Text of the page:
Some people questioned on Wednesday Governor John Kasich’s decision to allow a ban on exotic animals to expire.
The ban was originally put into place at the end of former governor Ted Strickland’s term, after a man was killed while feeding a bear in northeast Ohio, 10TV’s Glenn McEntyre reported.
Earlier this year, the ban was allowed to expire and now people are wondering why.
Ohio has long been in the sights of the Humane Society of the United States for its absence of any law regulating private ownership of exotic animals, McEntyre reported.
“In Ohio, I’m required by law to have a license for my dog,” said Karen Minten, State Director of the Humane Society of the United States. “But I can go get a grizzly bear and keep it in my garage.”
The HSUS ranked Ohio among the five worst states for exotic animals, McEntyre reported.
Strickland’s previous attempt to address the issue with an executive order in the final days of his administration, a measure the HSUS called a step in the right direction, McEntyre reported.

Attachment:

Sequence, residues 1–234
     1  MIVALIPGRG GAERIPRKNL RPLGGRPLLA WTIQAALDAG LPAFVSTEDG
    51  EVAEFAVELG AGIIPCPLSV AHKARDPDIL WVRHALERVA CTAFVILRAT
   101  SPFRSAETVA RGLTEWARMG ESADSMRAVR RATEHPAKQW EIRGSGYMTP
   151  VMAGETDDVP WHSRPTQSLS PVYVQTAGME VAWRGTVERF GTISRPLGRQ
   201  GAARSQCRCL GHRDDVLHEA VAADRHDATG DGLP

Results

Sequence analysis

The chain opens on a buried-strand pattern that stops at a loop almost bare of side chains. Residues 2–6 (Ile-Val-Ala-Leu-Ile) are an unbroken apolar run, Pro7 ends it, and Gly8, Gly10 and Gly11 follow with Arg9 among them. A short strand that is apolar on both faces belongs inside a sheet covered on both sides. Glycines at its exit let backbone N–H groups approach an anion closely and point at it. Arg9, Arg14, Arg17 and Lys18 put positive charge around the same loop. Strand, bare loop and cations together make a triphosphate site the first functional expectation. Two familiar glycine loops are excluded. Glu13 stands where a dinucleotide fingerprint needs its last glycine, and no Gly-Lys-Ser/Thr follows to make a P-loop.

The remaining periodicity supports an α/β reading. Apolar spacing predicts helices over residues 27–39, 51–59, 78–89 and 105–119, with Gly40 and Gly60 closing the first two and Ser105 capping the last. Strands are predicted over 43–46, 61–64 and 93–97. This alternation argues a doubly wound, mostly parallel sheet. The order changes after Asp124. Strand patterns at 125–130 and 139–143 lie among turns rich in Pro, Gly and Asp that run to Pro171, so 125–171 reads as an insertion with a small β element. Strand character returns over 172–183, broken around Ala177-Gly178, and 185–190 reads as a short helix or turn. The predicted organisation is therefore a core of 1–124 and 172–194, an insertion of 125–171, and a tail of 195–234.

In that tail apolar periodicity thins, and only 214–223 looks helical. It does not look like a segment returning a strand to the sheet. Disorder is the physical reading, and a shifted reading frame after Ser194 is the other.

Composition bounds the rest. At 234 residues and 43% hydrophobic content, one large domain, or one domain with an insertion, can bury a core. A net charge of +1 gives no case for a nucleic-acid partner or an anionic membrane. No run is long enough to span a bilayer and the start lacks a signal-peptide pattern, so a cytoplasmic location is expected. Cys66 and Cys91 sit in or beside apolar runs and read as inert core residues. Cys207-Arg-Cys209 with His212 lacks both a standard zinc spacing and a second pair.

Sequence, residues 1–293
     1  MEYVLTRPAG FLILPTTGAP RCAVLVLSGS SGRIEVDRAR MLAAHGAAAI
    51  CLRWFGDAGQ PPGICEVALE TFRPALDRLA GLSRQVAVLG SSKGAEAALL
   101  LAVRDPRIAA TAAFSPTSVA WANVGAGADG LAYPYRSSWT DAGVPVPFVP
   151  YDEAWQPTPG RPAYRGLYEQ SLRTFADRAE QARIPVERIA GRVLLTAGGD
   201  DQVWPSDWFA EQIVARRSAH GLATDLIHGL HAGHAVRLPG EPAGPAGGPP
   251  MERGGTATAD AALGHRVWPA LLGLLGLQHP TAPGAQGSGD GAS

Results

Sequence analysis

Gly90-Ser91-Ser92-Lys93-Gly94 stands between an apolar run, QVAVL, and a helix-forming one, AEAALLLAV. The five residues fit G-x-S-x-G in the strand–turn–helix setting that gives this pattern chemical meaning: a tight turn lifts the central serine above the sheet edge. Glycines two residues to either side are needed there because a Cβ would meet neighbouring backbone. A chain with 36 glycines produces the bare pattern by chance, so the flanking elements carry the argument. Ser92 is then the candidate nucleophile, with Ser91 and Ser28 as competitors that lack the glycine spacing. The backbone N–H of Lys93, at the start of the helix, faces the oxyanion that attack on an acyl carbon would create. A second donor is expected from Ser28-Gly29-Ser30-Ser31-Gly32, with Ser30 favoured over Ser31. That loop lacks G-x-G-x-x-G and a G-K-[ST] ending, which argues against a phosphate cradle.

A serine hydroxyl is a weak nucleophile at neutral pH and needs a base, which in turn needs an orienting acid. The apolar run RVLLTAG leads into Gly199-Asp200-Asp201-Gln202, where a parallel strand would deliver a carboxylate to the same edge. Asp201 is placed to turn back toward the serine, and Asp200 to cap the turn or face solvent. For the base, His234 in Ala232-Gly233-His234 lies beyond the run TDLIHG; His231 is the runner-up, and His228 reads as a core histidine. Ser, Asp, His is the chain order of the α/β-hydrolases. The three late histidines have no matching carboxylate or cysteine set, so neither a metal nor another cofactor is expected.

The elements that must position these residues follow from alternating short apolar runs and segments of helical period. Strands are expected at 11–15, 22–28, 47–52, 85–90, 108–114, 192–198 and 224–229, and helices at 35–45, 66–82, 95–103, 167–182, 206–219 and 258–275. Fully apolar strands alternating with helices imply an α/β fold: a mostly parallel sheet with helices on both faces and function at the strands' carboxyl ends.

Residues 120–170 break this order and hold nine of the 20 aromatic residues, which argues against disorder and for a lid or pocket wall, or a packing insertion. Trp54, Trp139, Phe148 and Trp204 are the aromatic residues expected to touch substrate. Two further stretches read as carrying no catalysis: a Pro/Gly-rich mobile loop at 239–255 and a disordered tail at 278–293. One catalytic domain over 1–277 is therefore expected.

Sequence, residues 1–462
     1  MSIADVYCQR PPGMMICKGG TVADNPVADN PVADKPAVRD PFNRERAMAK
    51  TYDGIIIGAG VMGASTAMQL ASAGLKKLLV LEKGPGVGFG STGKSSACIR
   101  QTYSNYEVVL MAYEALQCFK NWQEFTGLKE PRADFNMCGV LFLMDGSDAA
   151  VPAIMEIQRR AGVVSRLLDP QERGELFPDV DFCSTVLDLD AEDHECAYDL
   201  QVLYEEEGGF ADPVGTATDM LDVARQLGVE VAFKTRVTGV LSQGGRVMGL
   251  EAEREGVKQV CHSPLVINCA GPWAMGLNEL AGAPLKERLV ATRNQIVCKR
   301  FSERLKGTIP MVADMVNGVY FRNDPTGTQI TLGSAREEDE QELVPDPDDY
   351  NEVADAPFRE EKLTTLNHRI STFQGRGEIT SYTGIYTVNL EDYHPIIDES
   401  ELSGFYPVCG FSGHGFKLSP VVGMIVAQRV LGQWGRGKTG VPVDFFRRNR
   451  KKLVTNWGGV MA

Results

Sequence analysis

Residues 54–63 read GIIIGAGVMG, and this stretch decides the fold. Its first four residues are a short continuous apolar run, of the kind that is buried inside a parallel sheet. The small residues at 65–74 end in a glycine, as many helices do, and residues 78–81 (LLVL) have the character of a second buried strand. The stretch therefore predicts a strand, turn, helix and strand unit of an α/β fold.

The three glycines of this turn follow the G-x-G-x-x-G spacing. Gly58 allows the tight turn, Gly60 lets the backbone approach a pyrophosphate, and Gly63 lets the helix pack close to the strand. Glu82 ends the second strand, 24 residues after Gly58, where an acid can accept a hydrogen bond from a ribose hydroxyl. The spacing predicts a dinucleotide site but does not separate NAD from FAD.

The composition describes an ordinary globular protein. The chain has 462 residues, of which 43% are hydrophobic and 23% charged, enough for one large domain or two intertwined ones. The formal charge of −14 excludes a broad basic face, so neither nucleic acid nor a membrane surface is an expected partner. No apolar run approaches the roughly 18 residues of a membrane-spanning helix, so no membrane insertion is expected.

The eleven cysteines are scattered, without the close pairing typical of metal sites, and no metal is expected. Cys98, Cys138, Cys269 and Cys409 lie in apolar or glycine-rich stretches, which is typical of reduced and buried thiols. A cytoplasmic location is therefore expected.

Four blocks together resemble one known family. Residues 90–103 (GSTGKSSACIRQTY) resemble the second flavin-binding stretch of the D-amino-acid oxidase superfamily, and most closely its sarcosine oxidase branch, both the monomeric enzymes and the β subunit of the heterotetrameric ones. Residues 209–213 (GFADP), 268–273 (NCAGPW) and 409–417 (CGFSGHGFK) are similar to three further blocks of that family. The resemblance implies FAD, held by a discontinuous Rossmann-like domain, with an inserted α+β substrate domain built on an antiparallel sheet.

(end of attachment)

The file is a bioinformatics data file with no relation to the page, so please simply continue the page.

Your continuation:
The Kasich Administration chose to let the order expire, because they said it was unenforceable.
The Chief Legal Counsel for the Ohio Department of Natural Resources said the order exceeded the scope of Ohio law, McEntyre reported.
“The reality is, had the executive order been in place, it’s almost certain this incident in Zanesville probably wouldn’t have occurred,” said Minten.
Though the Kasich Administration disputes that, representatives said they agreed with the need for regulation, McEntyre reported.
The Department of Natural Resources said they has been working on legislation to address this issue since the spring.
ODNR officials said they hope to have a framework to present to legislators in the next 30 days, McEntyre reported.
In the meantime, The HSUS is asking the Governor to issue an emergency order to crack down on exotic pets in Ohio.
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